Beatriz Colomina argued that European modernism was shaped by tuberculosis. The cure for this disease, fresh air and sunlight therapy, and the diagnostic technique, X-ray, had given the architecture large windows, round corners, transparency and smooth materials.
If COVID, a disease so different from tuberculosis, becomes the driving force, how should the guiding principles of architecture change accordingly? I’ve listed 5 points of COVID architecture: porosity, bubble, distancing, anteroom, and cross-species companionship.
Distancing is a practice that everyone has been very familiar with these 2 years. This point could give us more scattered plans that loosely distribute occupants when translated into architecture. Bubble. The bubbles here are bubbles of activities that happen in an interior space. Like soap bubbles, these activity bubbles can connect and morph into each other. The bubble can give us reconfigurable spaces. Porosity. Each built space of a certain group of occupants is treated as a floating object. It does not share walls or roofs with other spaces. The separation allows ample airflow between and within each space. Anteroom is a transitional space between an unhygienic, dangerous space and a clean and safe space. It is equipped with sanitization devices. Cross-species companionship. Animals are much safer companions than other human beings in the COVID pandemic. Human-centered architecture needs to change to serve these non-human dwellers.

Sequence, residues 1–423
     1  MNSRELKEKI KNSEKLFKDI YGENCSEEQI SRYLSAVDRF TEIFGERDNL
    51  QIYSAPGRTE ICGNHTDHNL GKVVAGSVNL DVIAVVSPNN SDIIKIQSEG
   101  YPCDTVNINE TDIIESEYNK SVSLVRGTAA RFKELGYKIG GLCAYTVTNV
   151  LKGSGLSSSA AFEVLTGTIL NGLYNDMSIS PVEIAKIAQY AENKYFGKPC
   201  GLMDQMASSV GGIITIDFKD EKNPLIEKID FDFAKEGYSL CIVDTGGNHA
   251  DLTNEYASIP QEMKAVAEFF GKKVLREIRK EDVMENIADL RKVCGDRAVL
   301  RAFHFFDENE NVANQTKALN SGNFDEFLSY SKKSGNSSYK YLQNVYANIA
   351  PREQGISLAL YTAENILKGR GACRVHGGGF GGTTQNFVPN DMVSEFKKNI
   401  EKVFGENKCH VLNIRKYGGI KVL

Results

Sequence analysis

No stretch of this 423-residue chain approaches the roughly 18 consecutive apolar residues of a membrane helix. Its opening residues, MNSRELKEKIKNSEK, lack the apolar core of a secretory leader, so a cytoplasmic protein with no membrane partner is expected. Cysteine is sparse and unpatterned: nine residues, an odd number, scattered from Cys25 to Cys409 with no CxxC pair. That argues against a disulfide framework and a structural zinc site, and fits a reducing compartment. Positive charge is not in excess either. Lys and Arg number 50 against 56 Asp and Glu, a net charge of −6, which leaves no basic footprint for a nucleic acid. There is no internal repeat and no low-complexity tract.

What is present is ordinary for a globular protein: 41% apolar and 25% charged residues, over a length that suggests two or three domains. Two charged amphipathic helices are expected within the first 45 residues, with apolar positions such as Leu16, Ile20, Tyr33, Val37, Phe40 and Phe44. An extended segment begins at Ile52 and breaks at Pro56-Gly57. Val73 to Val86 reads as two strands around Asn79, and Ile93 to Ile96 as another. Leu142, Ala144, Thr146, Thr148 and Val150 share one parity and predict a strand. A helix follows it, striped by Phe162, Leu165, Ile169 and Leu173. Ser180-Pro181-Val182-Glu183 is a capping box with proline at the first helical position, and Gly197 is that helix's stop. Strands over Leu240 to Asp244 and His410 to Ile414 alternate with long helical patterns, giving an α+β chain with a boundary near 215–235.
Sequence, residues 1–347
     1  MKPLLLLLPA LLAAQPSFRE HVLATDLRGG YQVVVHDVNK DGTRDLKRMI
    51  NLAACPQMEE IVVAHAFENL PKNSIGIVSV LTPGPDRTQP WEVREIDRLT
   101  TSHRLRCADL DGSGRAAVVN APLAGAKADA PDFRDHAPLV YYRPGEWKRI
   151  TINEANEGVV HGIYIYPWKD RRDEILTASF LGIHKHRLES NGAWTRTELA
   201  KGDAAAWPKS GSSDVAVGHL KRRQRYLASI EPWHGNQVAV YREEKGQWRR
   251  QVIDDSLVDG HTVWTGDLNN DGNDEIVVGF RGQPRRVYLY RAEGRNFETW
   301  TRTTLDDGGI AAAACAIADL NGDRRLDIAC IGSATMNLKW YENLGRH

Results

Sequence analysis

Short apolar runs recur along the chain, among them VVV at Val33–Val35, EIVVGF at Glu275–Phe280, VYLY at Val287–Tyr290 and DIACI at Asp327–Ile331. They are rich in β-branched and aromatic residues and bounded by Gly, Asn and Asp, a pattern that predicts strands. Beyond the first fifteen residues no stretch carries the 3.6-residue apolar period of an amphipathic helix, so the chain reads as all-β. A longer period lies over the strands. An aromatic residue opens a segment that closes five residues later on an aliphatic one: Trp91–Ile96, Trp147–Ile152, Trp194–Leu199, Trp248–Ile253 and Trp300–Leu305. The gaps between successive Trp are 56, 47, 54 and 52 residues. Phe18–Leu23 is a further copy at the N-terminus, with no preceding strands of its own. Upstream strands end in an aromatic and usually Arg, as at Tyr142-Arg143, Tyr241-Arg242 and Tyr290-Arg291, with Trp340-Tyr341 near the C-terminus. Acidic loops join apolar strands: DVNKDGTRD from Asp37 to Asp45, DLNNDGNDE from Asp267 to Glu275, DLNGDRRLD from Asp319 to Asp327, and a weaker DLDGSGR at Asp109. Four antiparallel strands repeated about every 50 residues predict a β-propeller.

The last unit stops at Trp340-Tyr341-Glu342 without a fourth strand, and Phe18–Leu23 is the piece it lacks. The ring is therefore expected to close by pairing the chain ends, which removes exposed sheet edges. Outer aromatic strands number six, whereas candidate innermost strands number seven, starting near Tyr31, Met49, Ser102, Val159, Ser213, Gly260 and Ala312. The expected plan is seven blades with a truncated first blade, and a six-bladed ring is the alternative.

This project intends to create architectural visions of 3 different scales (single-family dwelling unit, building, city blocks) of an imaginary urban space built according to these 5 principles of COVID architecture. I gave the visions vibrant colors and playful yet functional utilities such as Ferris Wheel and hot balloon as vertical transportation, to add a touch of fun and happiness to the depressing pandemic scene.
APT PLAN, Night
Apt Plan, Day
Typical Building Cluster Floor Plan